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Extracting value

Marketing segmentation could improve NHS efficiency

orange pictureInitiatives put into place over the past couple of years such as patient choice in England, Payment by Results and introducing competition with Independent Treatment Centres (ISTCs), for example, are indications that the NHS is evolving from a treatment- or provider-led service, to a patient-led one.

However, this shift cannot come overnight. The implications for managers are varied and complex, but one fact that emerges clearly is that the challenges of creating a patient-led service are marketing challenges. It is by adapting marketing techniques that have proved their worth in the private sector, that the NHS will reap real benefit and see significant change.

A marketing approach can help NHS managers understand the market better. By segmenting the market they will be able to identify where significant needs are, allocate spend more effectively, and cut out wastage. Marketing identifies where value lies, and helps managers and consultants operate in ways that will increase that value, while working within the confines of existing budgets. A successful marketing approach will not ask for more budget from the government, rather it will seek ways of using what's available more effectively.

An example of this can be seen in the recent recommendation by the NHS Confederation to reduce pressure on A&E departments by increasing the use of GPs through cross-charging. Another is the government's initiative to increase public awareness of how pharmacies can be used in many cases where appointments are currently made with GPs. There's a lack of understanding from the public about the expertise available from pharmacies, and that they also offer facilities such as screening and regular monitoring. A marketing focus could identify and develop these initiatives. It could also 'sell' them to the public by thinking from the customerís point of view and showing how these initiatives are focused on the individual: pharmacies are open at convenient times; you donít have to book time in your diary for the appointment; it takes less time; etc.

Identifying and implementing solutions such as this, ie utilising under-used services in one area to alleviate stretched resources in another, is a key way of thinking strategically about the NHS and extracting greater value.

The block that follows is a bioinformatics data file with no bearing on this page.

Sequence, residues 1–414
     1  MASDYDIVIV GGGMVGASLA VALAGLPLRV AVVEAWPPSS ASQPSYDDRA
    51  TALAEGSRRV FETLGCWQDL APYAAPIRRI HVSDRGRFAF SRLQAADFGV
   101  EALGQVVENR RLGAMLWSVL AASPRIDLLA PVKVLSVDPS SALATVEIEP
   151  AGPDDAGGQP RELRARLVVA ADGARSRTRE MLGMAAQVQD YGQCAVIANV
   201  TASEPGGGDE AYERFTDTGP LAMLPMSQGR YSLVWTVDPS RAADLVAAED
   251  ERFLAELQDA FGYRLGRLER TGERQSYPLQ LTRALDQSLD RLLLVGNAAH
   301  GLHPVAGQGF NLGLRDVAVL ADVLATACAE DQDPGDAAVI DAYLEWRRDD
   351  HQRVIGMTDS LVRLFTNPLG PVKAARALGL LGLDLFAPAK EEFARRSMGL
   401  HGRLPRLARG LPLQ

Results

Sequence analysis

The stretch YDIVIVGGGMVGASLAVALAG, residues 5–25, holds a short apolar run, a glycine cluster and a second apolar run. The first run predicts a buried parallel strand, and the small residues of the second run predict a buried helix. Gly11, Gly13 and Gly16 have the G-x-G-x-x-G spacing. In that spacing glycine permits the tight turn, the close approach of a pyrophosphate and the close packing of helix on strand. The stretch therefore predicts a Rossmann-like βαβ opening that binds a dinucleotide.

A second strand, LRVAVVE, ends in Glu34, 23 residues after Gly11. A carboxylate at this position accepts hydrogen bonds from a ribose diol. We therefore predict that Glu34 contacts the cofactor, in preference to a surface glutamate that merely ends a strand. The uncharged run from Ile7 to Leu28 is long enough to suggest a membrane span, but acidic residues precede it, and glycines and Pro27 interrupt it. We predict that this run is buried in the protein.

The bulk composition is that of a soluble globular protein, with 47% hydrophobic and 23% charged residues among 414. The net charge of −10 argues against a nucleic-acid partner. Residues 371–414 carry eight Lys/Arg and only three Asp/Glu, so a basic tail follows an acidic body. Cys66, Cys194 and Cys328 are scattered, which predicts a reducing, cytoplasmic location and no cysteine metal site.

Communicating for effectiveness
Another very useful benefit of a marketing approach is in communications. Better communications can be used both internally and externally to create a more productive service. Internally it can be used to get consultants and managers to co-operate more effectively, and externally to explain to patients (and the media) why decisions have been made in certain ways.

Internally, a patient-focused approach means that both managers and consultants will start to recognise that they are two halves of an important whole, and that one cannot do the job without the other. It may also help some consultants understand that customer satisfaction is a key goal of any paid-for service. Customer satisfaction includes, but is not limited to, the excellent treatment that the consultant provides.

Indeed, internal use of the word 'customer' rather than 'patient' could be key here, because 'patient' implies a passive receiver of advice and treatment whereas 'customer' recognises that the individual is an active player in the process, and needs to be treated accordingly. This in itself will have positive knock-on effects for the NHS' finances.

Externally, adopting effective private sector methods of communicating to customers means you can explain to patients that decisions have been made with their interests at heart, in ways they understand. Such an approach could lead to a de-escalation of complaints from patients and their relatives. A reduction in the NHS' expensive complaints compensation would save money that could be ploughed back into the service.

A focus on staff
A marketing approach recognises that staff are the core asset, and that by motivating, encouraging and mentoring them, you get a more productive workforce. Turning employees into advocates for the organisation, or encouraging them to 'live the brand' are ideas common in the private sector, but vaguely understood and occasionally treated with suspicion in the public sector. Far from being distracting corporate fluff, such initiatives create a workforce that communicates its positive support for the organisation to the customer - creating trust and faith in the NHS.

In an organisation as large as the NHS, and so squarely in the public eye, all managers need to take personal responsibility for how the health service is perceived in the wider world and be able to express, in constructive and reasonable terms, rather than defensively, why decisions are taken. One problem with changing the service, however, is that making changes unilaterally proves to be almost impossible logistically; when regions or trusts are empowered to make changes that are achievable and will benefit patients, the media quickly pick up on differences between the regions and present this as 'postcode lotteries' or unfair discriminations.

Recruiting managers with communications experience, and giving existing managers training in communications, will contribute to resolving such scenarios. Managers will then be able to communicate the rationale behind their decision making, and demonstrate that good planning in the NHS invariably involves difficult choices - this could mean individual complaints emerge from decisions taken for the greater good.